As many as 2.5 million Australians are expected to withdraw more of their retirement savings when the second round of the super early release scheme kicks off on Wednesday.
Around 2.5 million Australians have already withdrawn their superannuation under the early release scheme and the same number is expected to request additional access in round two, according to a report by the Association of Superannuation Funds of Australia (ASFA).
ASFA CEO Dr Martin Fahy said the early release scheme has highlighted the significant role superannuation plays.
"Superannuation has played a key role in helping Australians during the COVID-19 pandemic. Without superannuation, the great bulk of Australian workers would not have any significant financial assets they could draw upon in times of economic adversity," Mr Fahy said.
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In fact, the ASFA report found the maximum of $20,000 made available through the early release scheme exceeds the total maximum payments per employee under the Federal Government's JobKeeper stimulus payment of $19,500 - and is available sooner.
Mr Fahy said the demand for the scheme highlights the need for the superannuation guarantee to be raised.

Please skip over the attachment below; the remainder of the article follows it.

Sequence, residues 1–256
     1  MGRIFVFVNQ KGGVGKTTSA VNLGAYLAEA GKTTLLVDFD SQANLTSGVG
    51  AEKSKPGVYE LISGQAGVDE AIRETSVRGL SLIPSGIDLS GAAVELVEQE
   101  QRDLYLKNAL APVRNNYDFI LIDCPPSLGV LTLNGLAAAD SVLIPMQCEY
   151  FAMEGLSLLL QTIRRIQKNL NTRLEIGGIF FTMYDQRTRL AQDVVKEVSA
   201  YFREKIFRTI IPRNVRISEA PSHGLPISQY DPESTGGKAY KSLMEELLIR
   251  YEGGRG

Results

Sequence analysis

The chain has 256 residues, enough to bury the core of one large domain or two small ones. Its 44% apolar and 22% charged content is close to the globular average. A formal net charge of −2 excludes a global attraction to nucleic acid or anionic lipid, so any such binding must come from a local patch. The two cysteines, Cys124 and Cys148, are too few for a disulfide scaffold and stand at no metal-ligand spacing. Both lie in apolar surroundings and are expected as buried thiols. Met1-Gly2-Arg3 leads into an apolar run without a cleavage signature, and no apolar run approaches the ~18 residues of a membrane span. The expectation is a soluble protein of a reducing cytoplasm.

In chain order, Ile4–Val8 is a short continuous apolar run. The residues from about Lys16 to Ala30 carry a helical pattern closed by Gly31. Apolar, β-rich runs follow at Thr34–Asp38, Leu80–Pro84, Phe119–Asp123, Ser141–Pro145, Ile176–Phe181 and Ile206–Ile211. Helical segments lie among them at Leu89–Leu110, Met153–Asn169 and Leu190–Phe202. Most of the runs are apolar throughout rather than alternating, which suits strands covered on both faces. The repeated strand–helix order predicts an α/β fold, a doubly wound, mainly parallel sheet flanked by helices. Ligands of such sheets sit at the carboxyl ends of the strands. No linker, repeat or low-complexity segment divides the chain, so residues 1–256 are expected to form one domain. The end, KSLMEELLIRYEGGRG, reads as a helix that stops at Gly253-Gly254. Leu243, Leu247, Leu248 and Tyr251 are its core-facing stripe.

"The erosion of retirement balances through early release reinforces the need to move as soon as possible to a Superannuation Guarantee rate of 12% in order to provide adequate retirement savings for individuals and to provide financial security for individuals in times of extreme financial need," Mr Fahy said.
Under the early release scheme, people who have been made redundant or had their working hours reduced by more than 20% as a result of COVID-19 will be eligible to access up to $10,000 of their superannuation in the financial year 2019-20.
Eligible applicants will be able to withdraw a further $10,000 from Wednesday.
According to ASFA's report, over 15% of the workforce and over 10% of those with a superannuation account are expected to receive early release payments from their superannuation.
The report also found that Australians aged under 35 have accessed the scheme more than any other age group.
"Applications are continuing to flow to the ATO at a substantial rate, currently around 150,000 applications a week," ASFA said.
"However, this is well down on the nearly 700,000 applications made in the first week. Based on the current flow of applications, the total number made before 30 June might be in the order of 2.5 million, which would equate to total payments of around $18 billion for this financial year."
Concerns have been raised that some Australians are wrongly withdrawing their money from super early, despite not being financially impacted by the coronavirus.
The Australian Taxation Office (ATO) has warned that those who have wrongly raided their super to take advantage of a tax benefit loophole could be investigated and heavily penalised.
Savings.com.au does not provide tax advice. This material has not been prepared by Savings.com.au and is for informational purposes only, and is not intended to provide, and should not be relied on for tax advice.
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